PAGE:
Recently, I attended a workshop for a topic mostly unrelated to my work in digital collections. At introduction time, I gave a nutshell view of what I do by saying my group digitizes Baylor’s special collections and makes them available online. Despite the whole thing taking about 15 seconds and being intentionally generic, I’ve done this intro enough times by now to know what was going to happen next.
An older gentleman sitting on the front row got what I can only describe as the “ah-ha!” look on his face, and at the first break, he approached me and asked a question I get more often than not when I talk to people about what we do at the Digitization Projects Group.
“I work at a small museum, and we’re being told to digitize our collections. Once we do, we can just throw those old papers out, right? And is a DVD a good storage solution?”
My answer to him was simple, but it probably wasn’t what he expected to hear.
“Do you remember microfilm?” I asked him. “And when was the last time you used it and thought ‘Gosh, I wish I could get my hands on the original just to compare it to what I’m looking at’ only to find it’s been decades since anyone saw a paper copy? That’s why you can’t just throw things out once they’re scanned.”
“Also,” I added, “DVDs are terrible.”
Okay, so I wasn’t quite that blunt on the DVD answer, but the effect was the same: a stunned look of disbelief. In some ways, I don’t blame him. There’s a lot of misinformation (and outright falsehoods) out there about digitization, data preservation, and care of digitized materials, and the more channels it has to filter through to reach people at smaller institutions, the more distorted it can get.
If you haven’t done so, I encourage you to check out a book by Nicholson Baker called Double Fold: Libraries and the Assault on Paper. Baker’s central premise is that during the microfilming heyday of the 1980s and 1990s, libraries and other institutions put too much faith in the technology of microfilming and weren’t always diligent about properly preserving and storing the newspapers that had been filmed. It is a polemical, biased, uncomfortable book to read, and it is less than popular among librarians. But that was exactly Baker’s point.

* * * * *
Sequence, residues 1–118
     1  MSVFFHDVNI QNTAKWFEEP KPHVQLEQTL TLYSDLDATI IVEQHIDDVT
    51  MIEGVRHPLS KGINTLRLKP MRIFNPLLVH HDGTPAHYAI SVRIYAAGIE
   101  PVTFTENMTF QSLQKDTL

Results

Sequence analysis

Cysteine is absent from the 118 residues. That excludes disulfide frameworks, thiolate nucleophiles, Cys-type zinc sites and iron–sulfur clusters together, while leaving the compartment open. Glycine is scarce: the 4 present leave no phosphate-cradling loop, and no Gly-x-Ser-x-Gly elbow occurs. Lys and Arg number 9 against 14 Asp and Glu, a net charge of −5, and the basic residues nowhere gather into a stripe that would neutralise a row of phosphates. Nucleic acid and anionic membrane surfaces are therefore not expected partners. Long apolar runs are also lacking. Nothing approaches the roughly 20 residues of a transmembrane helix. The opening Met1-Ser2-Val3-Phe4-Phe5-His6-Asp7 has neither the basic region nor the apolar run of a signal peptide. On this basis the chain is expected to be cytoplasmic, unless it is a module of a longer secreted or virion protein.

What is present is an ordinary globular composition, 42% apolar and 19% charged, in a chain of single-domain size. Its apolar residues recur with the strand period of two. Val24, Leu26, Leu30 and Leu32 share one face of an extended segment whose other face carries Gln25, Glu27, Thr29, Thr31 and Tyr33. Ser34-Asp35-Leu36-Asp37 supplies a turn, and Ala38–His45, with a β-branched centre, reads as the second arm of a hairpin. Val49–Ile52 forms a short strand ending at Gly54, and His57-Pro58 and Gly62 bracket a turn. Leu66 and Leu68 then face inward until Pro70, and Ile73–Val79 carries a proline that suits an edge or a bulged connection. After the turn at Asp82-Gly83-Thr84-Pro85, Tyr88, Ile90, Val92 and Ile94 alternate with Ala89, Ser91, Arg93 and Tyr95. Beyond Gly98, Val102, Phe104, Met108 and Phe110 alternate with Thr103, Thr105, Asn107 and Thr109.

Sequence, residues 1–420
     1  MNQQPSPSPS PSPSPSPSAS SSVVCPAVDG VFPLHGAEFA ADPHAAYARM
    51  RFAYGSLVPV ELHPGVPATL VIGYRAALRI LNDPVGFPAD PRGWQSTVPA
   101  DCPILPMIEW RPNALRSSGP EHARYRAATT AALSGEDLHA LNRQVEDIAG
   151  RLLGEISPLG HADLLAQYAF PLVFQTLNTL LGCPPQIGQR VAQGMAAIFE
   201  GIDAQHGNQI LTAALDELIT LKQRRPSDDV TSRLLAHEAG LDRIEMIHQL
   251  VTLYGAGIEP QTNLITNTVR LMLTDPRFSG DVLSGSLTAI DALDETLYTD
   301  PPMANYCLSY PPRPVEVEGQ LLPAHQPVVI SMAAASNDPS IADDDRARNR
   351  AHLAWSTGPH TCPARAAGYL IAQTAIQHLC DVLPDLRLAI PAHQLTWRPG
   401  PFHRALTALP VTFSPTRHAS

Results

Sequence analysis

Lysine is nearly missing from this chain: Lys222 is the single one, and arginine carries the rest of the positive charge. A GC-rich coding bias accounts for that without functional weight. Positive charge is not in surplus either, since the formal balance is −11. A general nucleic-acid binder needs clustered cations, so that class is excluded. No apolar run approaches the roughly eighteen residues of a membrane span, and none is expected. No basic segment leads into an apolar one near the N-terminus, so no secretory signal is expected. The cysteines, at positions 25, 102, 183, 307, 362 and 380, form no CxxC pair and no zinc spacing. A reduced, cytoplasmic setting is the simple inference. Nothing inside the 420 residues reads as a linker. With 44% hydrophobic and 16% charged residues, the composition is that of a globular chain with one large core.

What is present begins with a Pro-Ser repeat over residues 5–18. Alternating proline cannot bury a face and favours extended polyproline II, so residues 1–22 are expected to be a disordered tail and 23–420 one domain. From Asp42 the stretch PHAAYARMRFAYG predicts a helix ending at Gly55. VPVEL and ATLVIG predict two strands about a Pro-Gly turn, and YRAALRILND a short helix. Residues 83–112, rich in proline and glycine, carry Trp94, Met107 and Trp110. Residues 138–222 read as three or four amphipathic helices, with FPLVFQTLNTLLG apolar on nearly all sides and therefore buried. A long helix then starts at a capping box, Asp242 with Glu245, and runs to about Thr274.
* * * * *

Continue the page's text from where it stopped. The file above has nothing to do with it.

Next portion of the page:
Baker wanted to draw attention to the notion that just because a technology had come along that promised better access and a smaller storage footprint didn’t mean professionals could become lax about enforcing good practices of physical archival storage. While much of Baker’s criticism has been ably (and thoroughly) countered by library professionals in the decade since Double Fold’s publication in 2001, it remains a stirring think piece on the dangers of over-reliance on a “silver bullet” solution at the expense of long-term viability.
At the heart of Baker’s issues with microfilm was the prevailing attitude that, once a run of newspapers had been filmed, it was perfectly acceptable for the originals to be tossed, as the filmed versions were thought to be a reasonable substitute that preserved both the look and content of the papers at a fraction of the space required to store them. But what happens if the film is bad and no one noticed until the originals were long gone? Or what if a page was skipped, or an entire volume? Or what if the film falls prey to “vinegarization” – an inherent agent of deterioration wherein the films layers begin to breakdown and disintegrate, producing a distinctive vinegary, “salad dressing” smell – and now cannot be viewed?
If the originals are gone, the answer is clear: there’s nothing you can do.
Which brings me back to my fellow workshop attendee’s question: once things are scanned, they’re safe to pitch, right? The problems outlined in Baker’s book could just as easily apply to the process of digitizing archival materials. We believe the technology behind digitization is reliable, replicable, and sustainable, and we’ve learned a great deal about how to approach digitizing materials thanks to the lessons revealed by the great microfilm boom of the last century. As such, we’ve got processes and technologies in place to monitor our digital files, keeping them secure and accessible for decades to come.